Most web servers have at their core the function to build a web page and display it as quickly as possible. While doing this, large amounts of system resources are dedicated to building that web page in order to deliver it fast. In its default configuration, Apache only allows a relatively small number of pages to be built concurrently, and any requests it receives while maxed-out will be queued waiting for those to complete. As the pages are expected to be built very quickly (in a second or less), one rarely notices this queuing.

Long polling works by sending a request for the web server and leaving it open - the script effectively goes to sleep and polls its data source at regular intervals, any sending a response back to the client when it has new data. This means that the connection can remain open for minutes at a time. While the script may not be doing anything, the web server has to maintain the connection - and for most webservers, as I said above, there will be a large amount of resources allocated to that request in the expectation of a fast return. If one is long-polling on Apache, one will very quickly reach the maximum number of concurrent connections, and as a result normal page requests will end up being queued for a potentially very long time, delivering a truly awful user experience.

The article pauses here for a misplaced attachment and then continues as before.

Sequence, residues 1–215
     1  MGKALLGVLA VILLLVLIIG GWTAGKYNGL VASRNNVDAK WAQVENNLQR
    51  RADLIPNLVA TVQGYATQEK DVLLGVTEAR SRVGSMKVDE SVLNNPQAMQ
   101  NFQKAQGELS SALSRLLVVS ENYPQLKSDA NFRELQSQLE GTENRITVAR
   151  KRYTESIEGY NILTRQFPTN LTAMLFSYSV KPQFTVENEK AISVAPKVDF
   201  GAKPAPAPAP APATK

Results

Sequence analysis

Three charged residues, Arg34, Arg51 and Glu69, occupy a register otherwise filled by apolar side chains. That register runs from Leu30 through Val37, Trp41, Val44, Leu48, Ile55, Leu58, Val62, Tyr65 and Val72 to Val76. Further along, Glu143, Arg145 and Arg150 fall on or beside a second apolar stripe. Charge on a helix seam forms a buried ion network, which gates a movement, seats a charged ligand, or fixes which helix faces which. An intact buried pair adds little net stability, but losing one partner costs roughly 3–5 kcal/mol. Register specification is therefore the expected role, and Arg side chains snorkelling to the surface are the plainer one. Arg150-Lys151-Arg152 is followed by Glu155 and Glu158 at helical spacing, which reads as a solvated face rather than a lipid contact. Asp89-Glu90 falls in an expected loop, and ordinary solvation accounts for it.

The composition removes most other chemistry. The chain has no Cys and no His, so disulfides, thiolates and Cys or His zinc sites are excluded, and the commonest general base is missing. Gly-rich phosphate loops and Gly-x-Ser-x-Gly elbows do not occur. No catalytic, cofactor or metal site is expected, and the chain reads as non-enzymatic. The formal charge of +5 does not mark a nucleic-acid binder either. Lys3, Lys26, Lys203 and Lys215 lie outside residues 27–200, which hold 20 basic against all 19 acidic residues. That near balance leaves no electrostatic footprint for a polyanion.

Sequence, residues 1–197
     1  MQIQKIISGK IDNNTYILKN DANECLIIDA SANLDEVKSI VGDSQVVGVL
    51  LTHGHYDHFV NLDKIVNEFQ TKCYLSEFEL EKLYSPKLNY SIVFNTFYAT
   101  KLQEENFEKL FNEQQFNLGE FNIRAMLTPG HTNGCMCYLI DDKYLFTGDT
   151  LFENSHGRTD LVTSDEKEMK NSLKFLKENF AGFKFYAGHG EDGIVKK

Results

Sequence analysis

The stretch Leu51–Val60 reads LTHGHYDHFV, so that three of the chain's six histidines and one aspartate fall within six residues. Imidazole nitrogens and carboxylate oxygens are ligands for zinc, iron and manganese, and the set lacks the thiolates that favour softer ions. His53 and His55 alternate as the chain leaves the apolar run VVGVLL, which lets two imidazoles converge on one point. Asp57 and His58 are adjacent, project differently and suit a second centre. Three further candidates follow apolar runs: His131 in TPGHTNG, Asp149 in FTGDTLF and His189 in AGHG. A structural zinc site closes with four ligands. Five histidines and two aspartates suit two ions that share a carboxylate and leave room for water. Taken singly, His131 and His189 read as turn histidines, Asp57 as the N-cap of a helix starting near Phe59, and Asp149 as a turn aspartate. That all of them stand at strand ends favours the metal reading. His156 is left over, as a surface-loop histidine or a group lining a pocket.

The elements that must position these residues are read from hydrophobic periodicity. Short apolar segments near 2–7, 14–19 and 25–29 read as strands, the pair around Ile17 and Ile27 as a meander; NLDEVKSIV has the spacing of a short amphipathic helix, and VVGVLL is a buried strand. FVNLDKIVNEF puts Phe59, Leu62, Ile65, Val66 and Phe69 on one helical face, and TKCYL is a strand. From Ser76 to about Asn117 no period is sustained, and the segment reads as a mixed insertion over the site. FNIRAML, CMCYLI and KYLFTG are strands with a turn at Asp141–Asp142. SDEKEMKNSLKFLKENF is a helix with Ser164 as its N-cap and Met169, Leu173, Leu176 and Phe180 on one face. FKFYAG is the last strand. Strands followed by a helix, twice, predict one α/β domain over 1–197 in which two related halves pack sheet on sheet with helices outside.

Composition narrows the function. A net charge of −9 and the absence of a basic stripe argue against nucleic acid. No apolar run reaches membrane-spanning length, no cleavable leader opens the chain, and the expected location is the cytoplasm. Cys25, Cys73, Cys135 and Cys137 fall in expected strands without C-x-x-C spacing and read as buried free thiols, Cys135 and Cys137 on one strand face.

There are specialist webservers out there that are optimised for long polling, but Apache is most certainly not one of them, and one is highly unlikely to have access to them on any kind of shared or non-dedicated host. For those comparing Facebook functionality, it's worth noting that Facebook's long-polling requests are directed to a completely different set of servers from those that handle regular page loads.